The Giudecca

Giudecca and fire. Cooking and the Jewish religion

In a place like Giudecca, the fire element can only be associated with cooking the food that was consumed in Jewish houses and with its meaning. The oven was a very important element for Jews and always found in a synagogue. It was built of stone, had a cylindrical shape and was small in size.
The ovens were used to bake unleavened bread, a sacred food according to Judaism.
This bread is characterised by the absence of yeast in its dough and is eaten by the community on the days of Pesach, or Passover.
Butchers were also very important in Giudecca, since Jews only eat certain foods allowed by their religion and also follow some rules when slaughtering and cooking animals.
The foods that can be eaten are defined as kosher. In addition to the selection of permitted foods, there are other rules governing cooking: for example, meat must remain separate from foods containing milk. In fact, the clear division between meat and milk forms the basis of Jewish cuisine.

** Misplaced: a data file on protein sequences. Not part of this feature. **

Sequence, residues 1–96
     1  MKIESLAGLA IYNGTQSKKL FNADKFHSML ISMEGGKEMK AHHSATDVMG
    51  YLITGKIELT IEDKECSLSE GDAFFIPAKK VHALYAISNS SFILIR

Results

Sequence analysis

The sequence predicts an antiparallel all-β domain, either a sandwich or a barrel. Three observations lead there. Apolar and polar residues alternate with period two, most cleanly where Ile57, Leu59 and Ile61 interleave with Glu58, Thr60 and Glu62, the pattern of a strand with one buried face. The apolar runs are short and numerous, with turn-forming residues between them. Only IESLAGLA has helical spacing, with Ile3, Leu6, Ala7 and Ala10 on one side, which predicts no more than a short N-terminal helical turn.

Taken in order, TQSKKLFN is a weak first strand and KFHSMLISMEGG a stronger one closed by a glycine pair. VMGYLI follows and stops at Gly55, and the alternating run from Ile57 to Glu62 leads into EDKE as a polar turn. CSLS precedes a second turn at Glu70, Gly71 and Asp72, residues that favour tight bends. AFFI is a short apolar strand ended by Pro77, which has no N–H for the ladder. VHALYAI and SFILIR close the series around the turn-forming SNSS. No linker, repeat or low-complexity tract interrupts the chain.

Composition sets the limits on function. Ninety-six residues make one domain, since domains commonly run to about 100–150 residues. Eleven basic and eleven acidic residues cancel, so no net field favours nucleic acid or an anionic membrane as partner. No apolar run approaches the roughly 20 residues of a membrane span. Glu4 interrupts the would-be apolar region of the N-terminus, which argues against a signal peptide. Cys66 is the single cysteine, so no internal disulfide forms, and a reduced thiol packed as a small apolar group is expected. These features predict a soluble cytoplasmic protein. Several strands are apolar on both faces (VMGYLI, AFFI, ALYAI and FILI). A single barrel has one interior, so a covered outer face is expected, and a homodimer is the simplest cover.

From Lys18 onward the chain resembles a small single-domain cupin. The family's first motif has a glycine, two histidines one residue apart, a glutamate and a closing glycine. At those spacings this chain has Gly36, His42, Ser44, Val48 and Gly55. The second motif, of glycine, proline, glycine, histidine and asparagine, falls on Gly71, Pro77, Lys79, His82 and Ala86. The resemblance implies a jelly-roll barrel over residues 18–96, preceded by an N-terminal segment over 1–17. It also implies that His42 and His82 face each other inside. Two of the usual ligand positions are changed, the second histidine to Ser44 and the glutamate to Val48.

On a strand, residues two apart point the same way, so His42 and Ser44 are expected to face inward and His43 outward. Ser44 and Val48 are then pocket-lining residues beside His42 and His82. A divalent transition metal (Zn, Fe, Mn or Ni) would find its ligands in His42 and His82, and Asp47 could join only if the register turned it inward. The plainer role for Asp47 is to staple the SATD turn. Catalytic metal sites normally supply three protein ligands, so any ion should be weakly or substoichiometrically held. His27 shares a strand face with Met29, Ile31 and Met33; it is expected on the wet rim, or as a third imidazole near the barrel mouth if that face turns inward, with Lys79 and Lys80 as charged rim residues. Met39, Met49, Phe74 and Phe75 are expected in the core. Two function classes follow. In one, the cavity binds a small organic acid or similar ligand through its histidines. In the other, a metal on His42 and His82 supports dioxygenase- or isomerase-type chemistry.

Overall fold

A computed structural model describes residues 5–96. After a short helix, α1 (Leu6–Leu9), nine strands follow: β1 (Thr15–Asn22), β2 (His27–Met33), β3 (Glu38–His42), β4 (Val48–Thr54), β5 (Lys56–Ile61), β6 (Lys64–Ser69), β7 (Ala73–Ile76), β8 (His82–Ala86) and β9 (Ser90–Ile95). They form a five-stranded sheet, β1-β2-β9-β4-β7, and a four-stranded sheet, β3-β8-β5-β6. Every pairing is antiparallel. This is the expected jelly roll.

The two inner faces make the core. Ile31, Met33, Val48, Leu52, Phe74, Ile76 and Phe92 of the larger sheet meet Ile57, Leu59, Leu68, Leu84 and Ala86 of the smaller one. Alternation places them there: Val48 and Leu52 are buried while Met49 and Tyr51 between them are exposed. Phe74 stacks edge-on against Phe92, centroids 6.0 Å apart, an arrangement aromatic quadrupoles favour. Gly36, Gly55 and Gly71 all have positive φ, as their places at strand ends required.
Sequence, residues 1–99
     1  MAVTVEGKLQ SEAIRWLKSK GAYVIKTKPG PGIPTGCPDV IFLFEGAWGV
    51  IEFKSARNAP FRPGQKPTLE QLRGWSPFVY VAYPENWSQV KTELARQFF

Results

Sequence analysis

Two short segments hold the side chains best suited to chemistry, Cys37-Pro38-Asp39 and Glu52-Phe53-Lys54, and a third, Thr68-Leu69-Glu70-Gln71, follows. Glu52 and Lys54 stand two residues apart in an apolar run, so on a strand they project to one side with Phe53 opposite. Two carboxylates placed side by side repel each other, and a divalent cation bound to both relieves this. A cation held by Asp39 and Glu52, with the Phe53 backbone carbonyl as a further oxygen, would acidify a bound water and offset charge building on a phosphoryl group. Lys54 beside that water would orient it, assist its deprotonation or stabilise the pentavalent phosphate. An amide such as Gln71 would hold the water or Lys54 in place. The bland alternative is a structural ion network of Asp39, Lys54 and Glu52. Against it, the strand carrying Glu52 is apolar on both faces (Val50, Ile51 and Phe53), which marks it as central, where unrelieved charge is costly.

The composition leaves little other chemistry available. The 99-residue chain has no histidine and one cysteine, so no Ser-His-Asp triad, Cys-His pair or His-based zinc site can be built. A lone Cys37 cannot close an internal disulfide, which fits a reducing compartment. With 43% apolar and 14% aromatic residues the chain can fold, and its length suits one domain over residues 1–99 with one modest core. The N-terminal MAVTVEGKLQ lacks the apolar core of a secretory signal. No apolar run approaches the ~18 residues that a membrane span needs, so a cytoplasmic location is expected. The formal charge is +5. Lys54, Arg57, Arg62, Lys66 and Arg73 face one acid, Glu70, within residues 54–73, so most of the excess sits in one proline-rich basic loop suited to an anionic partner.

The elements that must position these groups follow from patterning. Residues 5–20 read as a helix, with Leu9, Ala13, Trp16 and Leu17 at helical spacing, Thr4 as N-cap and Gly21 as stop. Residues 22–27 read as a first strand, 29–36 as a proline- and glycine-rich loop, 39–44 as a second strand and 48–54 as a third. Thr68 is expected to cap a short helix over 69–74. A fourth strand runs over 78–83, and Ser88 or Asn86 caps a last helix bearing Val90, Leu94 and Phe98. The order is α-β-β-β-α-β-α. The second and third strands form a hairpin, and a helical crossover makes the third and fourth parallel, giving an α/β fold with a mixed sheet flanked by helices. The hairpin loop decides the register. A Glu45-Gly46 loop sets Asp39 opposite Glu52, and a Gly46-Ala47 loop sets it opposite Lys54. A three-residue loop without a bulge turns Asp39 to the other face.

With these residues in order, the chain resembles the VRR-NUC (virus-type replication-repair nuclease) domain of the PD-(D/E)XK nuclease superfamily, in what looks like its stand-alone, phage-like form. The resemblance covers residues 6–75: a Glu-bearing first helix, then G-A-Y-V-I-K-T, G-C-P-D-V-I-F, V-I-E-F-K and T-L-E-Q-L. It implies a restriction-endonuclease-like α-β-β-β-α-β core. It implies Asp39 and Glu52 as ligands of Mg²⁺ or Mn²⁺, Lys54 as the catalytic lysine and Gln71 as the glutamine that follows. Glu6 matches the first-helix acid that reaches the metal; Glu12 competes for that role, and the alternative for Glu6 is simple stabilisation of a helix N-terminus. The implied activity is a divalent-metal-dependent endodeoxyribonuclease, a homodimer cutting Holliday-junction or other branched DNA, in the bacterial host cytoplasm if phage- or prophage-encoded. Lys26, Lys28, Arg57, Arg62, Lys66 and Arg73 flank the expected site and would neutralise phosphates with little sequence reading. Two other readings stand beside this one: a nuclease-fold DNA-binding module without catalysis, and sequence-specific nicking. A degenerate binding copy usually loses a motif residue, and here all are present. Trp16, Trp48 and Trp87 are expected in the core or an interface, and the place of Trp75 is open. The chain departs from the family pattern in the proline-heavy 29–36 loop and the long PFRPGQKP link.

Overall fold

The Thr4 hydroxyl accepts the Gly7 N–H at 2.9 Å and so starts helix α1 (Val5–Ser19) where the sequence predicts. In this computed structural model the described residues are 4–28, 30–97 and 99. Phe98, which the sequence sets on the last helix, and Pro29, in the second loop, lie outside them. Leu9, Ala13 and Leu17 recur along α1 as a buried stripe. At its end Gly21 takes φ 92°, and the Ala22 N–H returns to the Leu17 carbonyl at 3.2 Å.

According to tradition, the reason milk should not be mixed with meat is that one is a food connected to breastfeeding and symbolises life, while the other comes from a slaughtered animal and symbolises death.

The fountain of Diana in Piazza Archimede

Pantalica and air. The skies of Pantalica: from hawks to bats

Giudecca and fire. Cooking and the Jewish religion

Giudecca and the earth element. Between gardens and artisan workshops

Ortygia and water. The Fountain of Arethusa

Neapolis and the water element. The Nymphaeum

Giudecca and air. The Basilica of San Giovannello

Neapolis and the earth element. Places of performance: the Greek theatre and the Roman amphitheatre

Neapolis and fire. The Altar of Hieron and the sacrificial fire

Ortygia and the earth element. Piazza del Duomo: discovering the origins.

Pantalica and the earth element

The interior of the Cathedral of Syracuse


Giudecca and water. The ritual baths: the Casa Bianca mikveh

Ortygia and fire. Archimedes and the invention of the burning mirrors

Neapolis and the air element. The Ear of Dionysius

A journey to Pantalica

Ortygia and the air element. The Gods of Olympus and the Temple of Apollo.

The Cathedral of Syracuse

Nature in Neapolis

Pantalica and fire. The Metal Age: objects from the culture of Pantalica

Pantalica and water: the Myth of the Anapo River

The Neapolis

The naumachiae: naval battles at the theatre